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September 2, 2014

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Analyst calls Harry Reid ‘underdog’ as GOP battle escalates

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Sam Morris / Las Vegas Sun

Sen. Harry Reid delivers a speech about health insurance reform and the health care bill that’s before Congress on Thursday, Jan. 7, 2009, at UNLV.

Updated Tuesday, Jan. 12, 2010 | 3:50 p.m.

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WASHINGTON -- An influential analyst is saying Senate Majority Leader Harry Reid is the "underdog" in his re-election fight.

Stu Rothenberg has shifted the race slightly toward takeover by a Republican candidate in November.

Yet the real action is increasingly coming in June with the escalating war between the top Republican candidates hoping for the chance to emerge from the primary for the chance to unseat Reid.

Republican candidate Danny Tarkanian criticized the dismal shape of the Nevada state Republican Party under fellow Republican candidate Sue Lowden’s tenure – an issue he said is sure to be part of the primary battle.

“The party has never been in worse shape,” said Tarkanian, the former UNLV basketball star-turned-businessman said on the “Bill Manders Show” on KOH-AM 780 Monday in Reno.

Tarkanian said the party suffers from having gone without either office space or an executive director for the past year. He said the party is in debt and the campaign will suffer.

“It’s going to be very difficult for the Republican Party to come together,” Tarkanian acknowledged. “The one great thing is that we have the one person who can bring the Republican Party together, and that is Harry Reid. And I am hoping that people will put aside some of the differences that are happening and come together to beat Harry Reid.”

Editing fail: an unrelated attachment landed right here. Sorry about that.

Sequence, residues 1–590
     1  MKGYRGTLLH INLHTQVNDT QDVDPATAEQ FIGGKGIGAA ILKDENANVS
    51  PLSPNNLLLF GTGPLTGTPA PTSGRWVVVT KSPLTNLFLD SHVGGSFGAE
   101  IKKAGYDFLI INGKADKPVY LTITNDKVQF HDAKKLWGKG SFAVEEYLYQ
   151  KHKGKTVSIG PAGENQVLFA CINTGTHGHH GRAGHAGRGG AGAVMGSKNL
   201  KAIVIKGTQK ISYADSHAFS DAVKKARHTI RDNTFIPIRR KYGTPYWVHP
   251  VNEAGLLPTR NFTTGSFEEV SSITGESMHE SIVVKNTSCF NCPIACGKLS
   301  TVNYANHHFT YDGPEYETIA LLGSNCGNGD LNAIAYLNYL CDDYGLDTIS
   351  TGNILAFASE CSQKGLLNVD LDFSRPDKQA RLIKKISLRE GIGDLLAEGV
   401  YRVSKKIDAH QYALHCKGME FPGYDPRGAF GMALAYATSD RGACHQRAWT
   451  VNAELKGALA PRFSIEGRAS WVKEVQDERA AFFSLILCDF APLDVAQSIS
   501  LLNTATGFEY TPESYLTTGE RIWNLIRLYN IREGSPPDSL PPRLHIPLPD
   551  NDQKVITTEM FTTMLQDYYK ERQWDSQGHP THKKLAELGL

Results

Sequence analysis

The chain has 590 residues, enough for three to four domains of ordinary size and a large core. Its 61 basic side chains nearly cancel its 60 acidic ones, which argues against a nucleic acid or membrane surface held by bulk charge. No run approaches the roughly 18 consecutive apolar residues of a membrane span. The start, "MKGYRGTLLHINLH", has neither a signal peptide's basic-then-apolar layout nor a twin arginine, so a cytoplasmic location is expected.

Lowden’s campaign shot back that the party’s troubles were not limited to Nevada, but part of a national Republican Party meltdown.

“Danny's memory is as short as his list of election victories,” said Lowden campaign consultant Robert Uithoven.

“I think most Republicans know that the damage done the last few cycles to our party came from the top down, not bottom up,” he said.

Lowden's camp said Republicans lost control of Congress in 2006 and the White House in 2008 “primarily because Republicans in Washington stopped acting like Republicans. They spent too much, some had scandals and some went to jail.”

True point, but also a sober reminder of recent party history as Republicans they seek to build momentum heading into the fall election.

Meanwhile Reid, now the most vulnerable Democratic senator up for re-election, took a hit when Rothenberg shifted the race toward the possibility of a Republican takeover. The political handicapper points to last weekend’s polling which showed Reid’s approval rating at 33 percent as he loses in potential match-ups to Tarkanian, Lowden or conservative former state Assemblywoman Sharron Angle.

“It will be extremely difficult for him to pull out a win,” Rothenberg wrote.

“Given Reid’s current standing with voters, he should be viewed as a slight underdog for re-election,” Rothenberg wrote, “which is why we are moving this race from Toss-up to Lean Takeover for the GOP.”

Rothenberg points to past races where the incumbent could not recover from low numbers, including those of Republican Sen. Rick Santorum of Pennsylvania in 2006, Republican Sen. John Sununu of New Hampshire in 2008 and more recently Democratic Gov. Jon Corzine in New Jersey.

Reid’s campaign has maintained its own internal polling shows Reid faring better.

Reid’s campaign has maintained its own internal polling shows Reid faring better, “beating all of his potential opponents.”

“The only opinions that matter in this election are those of Nevadans, not Washington pundits who aren’t here on the ground,” said Reid campaign manager Brandon Hall.

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